The dreamlike mystical experience of Guru Nanak Dev Ji in India near the end of the 15th century led him to found Sikhism, which is today the fifth largest religion in the world. According to early Sikh traditions recorded in the Janamakshi, a biography of Nanak, and other writings, Nanak was accustomed to bathing in and praying beside a river nearby his home early in the morning. On one such journey, Nanak disappeared for the duration of three days during which, he later reported, he stood as if in a trance in the presence of God. Even after reappearing, Nanak did not speak for several days and behaved strangely, having been deeply affected by his strange experience. When he did speak, finally, he proclaimed that God had revealed to him that “there is no Hindu and no Muslim.” In a radical departure from the notions that were current in his cultural context, Nanak spent the remainder of his life preaching a radical vision of absolute human equality before God that encompassed those of all religions, sexes, and races. Nanak later composed a number of poems and songs that reflect the tremendous and overwhelming power of the presence he had experienced during his vision, such as this from the Guru Granth Sahib, a massive compilation of all of the Sikh scriptures:

Were I to live for millions of years and drink the air for my nourishment;

Were I to dwell in a cave where I beheld, not sun or moon, and could not even dream of sleeping,

I should still not be able to express Thy worth; how great shall I call Thy name?

O true Formless One, Thou art in Thine own place —

As I have often heard I tell my tale — If it please Thee, show Thy favour unto me.

Were I to be felled and cut in pieces, were I to be ground in a mill;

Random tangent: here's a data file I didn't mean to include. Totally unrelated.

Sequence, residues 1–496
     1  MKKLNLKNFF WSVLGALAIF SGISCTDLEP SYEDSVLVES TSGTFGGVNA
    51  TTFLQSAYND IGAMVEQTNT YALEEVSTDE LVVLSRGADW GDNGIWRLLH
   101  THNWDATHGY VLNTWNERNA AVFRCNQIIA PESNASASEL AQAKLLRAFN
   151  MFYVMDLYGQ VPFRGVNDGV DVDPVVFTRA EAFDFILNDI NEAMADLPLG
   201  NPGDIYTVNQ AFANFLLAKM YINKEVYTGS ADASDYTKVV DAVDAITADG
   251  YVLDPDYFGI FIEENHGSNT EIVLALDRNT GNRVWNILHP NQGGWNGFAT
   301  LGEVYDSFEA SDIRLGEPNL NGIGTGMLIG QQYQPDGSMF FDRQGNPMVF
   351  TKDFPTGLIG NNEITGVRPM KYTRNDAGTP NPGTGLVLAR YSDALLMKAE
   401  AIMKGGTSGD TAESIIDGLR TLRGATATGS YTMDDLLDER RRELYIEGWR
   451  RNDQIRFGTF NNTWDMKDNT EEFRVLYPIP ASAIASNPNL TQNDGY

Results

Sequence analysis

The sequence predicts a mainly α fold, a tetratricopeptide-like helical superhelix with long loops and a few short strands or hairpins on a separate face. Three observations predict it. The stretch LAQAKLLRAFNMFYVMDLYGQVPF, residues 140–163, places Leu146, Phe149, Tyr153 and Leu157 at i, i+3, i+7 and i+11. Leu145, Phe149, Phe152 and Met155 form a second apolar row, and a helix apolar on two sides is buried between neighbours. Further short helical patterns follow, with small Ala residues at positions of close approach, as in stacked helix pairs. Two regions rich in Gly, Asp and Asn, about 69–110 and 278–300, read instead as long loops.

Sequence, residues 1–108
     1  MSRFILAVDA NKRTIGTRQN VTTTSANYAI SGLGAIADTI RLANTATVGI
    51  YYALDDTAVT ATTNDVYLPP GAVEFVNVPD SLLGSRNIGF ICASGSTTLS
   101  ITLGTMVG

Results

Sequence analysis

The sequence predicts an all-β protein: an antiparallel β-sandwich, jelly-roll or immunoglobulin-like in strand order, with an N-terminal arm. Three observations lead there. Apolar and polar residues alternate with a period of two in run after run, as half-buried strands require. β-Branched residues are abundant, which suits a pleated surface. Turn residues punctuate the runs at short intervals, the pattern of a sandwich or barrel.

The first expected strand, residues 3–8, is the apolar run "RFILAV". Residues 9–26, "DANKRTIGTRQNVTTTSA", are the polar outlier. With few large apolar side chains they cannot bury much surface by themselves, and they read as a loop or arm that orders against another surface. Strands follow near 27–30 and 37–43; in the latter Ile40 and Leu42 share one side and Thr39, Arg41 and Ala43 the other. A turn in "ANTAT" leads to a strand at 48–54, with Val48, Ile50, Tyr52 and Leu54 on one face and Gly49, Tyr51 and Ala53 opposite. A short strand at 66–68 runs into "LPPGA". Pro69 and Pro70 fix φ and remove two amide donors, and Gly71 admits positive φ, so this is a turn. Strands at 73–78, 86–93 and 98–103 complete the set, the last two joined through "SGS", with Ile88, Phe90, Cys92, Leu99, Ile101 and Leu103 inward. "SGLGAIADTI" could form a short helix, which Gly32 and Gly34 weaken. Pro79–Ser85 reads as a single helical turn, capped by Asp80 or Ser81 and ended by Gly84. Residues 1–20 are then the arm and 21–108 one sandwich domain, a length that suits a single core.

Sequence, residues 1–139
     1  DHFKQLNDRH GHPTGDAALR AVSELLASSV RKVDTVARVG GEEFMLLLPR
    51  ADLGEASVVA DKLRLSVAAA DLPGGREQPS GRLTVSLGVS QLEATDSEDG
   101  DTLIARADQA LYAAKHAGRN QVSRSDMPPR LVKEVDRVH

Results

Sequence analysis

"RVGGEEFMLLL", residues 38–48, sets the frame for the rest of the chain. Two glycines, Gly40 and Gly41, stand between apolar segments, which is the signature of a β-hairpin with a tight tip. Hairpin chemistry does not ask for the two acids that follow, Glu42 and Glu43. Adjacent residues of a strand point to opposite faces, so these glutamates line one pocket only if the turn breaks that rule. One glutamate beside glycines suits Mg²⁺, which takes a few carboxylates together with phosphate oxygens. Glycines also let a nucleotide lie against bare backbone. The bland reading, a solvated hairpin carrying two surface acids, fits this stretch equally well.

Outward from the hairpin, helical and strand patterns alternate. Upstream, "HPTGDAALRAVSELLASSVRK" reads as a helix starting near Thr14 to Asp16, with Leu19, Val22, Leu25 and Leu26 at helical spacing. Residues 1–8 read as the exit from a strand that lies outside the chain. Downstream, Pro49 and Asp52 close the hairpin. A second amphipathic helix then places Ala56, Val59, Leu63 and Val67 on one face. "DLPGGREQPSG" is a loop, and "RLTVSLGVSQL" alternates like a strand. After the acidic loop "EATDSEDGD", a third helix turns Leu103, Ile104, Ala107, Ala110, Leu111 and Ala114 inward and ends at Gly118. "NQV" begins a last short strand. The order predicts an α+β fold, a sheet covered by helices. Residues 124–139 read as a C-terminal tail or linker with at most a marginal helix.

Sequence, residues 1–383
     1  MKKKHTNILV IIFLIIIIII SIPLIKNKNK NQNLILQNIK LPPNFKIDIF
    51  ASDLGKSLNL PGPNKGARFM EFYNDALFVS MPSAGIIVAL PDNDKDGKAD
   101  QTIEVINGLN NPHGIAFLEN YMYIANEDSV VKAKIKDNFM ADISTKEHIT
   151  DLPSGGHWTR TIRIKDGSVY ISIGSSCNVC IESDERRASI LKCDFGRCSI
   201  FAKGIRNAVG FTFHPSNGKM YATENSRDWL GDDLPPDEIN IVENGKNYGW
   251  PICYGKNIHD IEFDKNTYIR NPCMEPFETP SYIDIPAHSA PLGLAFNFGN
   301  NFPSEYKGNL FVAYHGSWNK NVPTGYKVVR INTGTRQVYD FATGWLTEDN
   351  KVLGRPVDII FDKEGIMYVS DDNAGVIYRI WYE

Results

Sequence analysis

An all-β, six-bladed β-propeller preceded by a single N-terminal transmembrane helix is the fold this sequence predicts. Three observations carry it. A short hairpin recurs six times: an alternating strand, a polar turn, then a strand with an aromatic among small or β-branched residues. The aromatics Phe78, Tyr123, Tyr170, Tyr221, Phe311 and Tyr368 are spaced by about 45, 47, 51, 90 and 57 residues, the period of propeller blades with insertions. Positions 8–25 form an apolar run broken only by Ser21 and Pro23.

Were I to be burned in a fire, and blended with its ashes,

I should still not be able to express Thy worth; how great shall I call Thy name?

Were I to become a bird and fly to a hundred heavens;

Were I to vanish from human gaze and neither eat nor drink,

I should still not be able to express Thy worth; how great shall I call Thy name?

Nanak, had I hundreds of thousands of tons of paper and a desire to write on it all after the deepest research;

Were ink never to fail me, and could I move my pen like the wind,

I should still not be able to express Thy worth; how great shall I call Thy name?

Book Review: The Ramayana (retold by R. K. Narayan)

The Ramayana itself is, of course, one of the great works of world literature. It is the story of a prince, Rama, an incarnation of the god Vishnu, who has been unjustly exiled from his kingdom just as he was to be crowned king. During his exile in the wilderness, his beautiful wife Sita is kidnapped by a powerful demon. With the assistance of Hanuman and other members of an intelligent race of monkeys, Rama is able to defeat the demons, rescue his wife, and is restored to his kingdom.